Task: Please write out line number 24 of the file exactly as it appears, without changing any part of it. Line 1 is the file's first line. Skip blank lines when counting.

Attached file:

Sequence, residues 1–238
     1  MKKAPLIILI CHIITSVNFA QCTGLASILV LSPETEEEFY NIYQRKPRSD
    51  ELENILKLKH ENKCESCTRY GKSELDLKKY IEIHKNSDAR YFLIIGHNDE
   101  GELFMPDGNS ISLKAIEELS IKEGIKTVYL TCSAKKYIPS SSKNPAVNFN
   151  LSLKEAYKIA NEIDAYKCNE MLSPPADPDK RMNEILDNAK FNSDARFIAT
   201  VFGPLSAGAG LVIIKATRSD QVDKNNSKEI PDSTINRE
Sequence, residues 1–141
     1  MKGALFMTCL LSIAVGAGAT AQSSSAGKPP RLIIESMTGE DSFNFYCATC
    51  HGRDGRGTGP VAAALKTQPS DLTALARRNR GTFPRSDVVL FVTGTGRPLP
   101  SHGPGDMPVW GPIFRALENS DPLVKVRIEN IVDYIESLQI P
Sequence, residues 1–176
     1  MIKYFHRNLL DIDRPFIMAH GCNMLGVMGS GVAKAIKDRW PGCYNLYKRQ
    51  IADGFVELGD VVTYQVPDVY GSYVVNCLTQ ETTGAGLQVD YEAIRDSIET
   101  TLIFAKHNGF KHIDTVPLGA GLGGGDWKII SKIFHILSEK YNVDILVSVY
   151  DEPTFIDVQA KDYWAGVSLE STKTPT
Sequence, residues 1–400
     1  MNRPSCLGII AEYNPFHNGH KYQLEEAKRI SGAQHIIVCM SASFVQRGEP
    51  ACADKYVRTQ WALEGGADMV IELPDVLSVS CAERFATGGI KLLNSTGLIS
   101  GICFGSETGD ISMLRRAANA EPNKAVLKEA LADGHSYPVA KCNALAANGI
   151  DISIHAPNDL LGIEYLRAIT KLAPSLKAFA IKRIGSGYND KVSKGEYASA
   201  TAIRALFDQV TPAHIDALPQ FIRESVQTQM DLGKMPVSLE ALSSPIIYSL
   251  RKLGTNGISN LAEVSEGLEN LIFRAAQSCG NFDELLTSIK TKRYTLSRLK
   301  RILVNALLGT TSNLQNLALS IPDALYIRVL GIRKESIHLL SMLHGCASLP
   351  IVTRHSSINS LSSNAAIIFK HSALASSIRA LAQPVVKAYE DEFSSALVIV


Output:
   351  IVTRHSSINS LSSNAAIIFK HSALASSIRA LAQPVVKAYE DEFSSALVIV